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Course Details

Spring 2012-2013
* LAS 406 / WWS 497 (SA)   na, npdf

Latin American Studies Seminar - Development Strategies in Latin America from the 1940s to the Present

Maria Helena L. de Morais

This course aims to provide undergraduate students with a comprehensive picture of the most important transformations undergone by Latin America in the last decades. The re-democratization process from the 80's came when Latin American economies tended to face high inflation and low economic growth, shaping new challenges. After two decades in struggling to find new paths of recovery and stability, the years 2000 brought new light to Latin America. This course will portray these different phases using country examples to illustrate this trajectory. Emphasis will be given to Brazil because of its impressive social and economic turnaround.

Sample reading list:
Luis Bertola, José Antonio Ocampo, The Economic Development of Latin America since Independence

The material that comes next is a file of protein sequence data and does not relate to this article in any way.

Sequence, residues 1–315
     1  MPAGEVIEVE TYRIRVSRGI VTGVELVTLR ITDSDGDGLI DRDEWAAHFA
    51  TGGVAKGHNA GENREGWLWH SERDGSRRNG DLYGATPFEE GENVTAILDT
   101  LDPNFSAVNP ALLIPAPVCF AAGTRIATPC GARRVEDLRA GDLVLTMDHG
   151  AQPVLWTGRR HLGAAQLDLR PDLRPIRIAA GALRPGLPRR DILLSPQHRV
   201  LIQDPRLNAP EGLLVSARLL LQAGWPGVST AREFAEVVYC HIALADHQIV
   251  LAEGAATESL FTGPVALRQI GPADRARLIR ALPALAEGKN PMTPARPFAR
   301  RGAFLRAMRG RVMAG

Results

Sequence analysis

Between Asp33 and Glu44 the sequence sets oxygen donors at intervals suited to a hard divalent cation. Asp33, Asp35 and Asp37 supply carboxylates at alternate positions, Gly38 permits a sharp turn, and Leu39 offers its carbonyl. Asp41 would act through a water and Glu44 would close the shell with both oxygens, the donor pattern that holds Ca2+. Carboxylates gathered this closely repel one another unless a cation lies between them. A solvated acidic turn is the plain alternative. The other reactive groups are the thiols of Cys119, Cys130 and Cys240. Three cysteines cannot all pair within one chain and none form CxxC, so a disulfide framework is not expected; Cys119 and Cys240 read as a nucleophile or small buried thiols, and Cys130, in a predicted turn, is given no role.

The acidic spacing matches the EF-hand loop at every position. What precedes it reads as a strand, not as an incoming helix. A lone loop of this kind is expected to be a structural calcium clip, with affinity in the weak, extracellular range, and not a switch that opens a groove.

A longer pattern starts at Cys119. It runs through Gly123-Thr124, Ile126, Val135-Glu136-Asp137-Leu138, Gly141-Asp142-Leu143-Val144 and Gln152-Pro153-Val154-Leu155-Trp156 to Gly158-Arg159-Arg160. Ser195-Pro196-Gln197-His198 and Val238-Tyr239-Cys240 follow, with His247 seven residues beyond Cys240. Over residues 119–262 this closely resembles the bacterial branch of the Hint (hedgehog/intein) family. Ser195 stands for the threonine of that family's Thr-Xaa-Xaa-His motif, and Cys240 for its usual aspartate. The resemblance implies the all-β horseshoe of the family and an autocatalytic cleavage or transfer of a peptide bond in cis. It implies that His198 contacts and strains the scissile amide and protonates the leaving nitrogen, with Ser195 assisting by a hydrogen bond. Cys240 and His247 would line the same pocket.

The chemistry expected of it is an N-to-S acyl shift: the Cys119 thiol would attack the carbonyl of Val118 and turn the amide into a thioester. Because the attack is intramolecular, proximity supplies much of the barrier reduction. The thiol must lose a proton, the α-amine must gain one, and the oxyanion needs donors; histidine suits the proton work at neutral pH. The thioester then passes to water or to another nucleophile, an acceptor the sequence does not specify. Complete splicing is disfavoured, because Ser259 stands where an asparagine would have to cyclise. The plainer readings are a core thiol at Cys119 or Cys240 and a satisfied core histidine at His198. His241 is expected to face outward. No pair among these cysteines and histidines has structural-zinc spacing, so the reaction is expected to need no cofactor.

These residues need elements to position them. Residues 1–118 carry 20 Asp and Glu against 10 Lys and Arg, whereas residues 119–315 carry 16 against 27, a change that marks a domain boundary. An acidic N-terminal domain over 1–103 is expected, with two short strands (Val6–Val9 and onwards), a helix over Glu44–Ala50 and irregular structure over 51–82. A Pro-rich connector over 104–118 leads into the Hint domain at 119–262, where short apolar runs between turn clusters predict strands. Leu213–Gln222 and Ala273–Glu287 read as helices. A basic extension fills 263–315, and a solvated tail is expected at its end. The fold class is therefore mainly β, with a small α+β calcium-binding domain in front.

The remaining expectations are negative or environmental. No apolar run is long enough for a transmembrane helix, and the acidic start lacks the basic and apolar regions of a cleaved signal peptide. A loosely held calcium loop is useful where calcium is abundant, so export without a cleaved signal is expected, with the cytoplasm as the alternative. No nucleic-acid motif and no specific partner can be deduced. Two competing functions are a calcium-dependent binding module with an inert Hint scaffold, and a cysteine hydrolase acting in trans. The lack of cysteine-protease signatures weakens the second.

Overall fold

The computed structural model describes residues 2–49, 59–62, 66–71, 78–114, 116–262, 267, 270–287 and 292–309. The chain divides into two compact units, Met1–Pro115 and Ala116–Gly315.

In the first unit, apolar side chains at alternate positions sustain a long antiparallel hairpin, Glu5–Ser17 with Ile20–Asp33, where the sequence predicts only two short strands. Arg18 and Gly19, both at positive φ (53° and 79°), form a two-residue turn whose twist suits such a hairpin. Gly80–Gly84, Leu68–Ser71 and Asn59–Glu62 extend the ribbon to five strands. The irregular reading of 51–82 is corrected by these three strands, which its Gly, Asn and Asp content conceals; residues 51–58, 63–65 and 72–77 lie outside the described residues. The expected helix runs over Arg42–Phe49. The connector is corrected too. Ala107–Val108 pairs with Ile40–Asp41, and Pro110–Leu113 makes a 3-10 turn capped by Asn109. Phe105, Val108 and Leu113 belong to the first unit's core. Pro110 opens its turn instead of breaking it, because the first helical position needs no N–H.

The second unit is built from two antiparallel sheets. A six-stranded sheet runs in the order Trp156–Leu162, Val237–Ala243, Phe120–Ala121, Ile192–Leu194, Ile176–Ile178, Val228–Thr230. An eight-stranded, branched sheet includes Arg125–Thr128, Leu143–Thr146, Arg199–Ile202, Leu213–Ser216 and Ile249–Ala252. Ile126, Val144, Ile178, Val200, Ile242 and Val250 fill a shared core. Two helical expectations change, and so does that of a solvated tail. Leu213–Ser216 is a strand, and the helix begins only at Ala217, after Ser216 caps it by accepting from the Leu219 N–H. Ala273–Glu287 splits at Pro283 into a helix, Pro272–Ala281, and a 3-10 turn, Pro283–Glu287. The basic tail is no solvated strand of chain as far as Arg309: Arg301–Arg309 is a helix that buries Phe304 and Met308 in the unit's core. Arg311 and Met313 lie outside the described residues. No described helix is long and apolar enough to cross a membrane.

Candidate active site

Lena Lavinas, Hildete Pereira de Mello, Paula Martins, Brazil:Innovative approaches to curb urban informality
Nora Lustig, Poverty, Inequality and the New Left in Latin America
Peter Wade, Race and Ethnicity in Latin America
Celso Furtado, Economic Development of Latin America
Ricardo Bielschowsky, Sixty years of ECLAC: structuralism and neo-structuralism
See instructor for complete list

Reading/Writing assignments:
Most of the readings will be in English. Students will be expected to read approximately 150 pages per week. Each student will write one individual essay (4-5 page paper in lieu of midterm), focusing on one dimension of Latin American development highlighted during the first part of the course. At the end of the semester, each student will prepare a research project (10-12 page term paper) chosen from a topic analyzed in class.

Paper in lieu of Final - 40%
Papers - 20%
Oral Presentation(s) - 20%
Class/Precept Participation - 20%

Prerequisites and Restrictions:
Some background on Development and Social Issues would be helpful.

Other information:
Students are expected to prepare and attend all class sessions, and participate in class discussions. Success in the course depends first and foremost upon active engagement in the seminar discussions. Required journal articles and book chapters will be posted on the course Blackboard (most of them are also available for purchase at

Schedule/Classroom assignment:

Class numberSectionTimeDaysRoomEnrollmentStatus
40878 S01 1:30 pm - 4:20 pm F   Aaron Burr Hall   213   Enrolled:10 Limit:20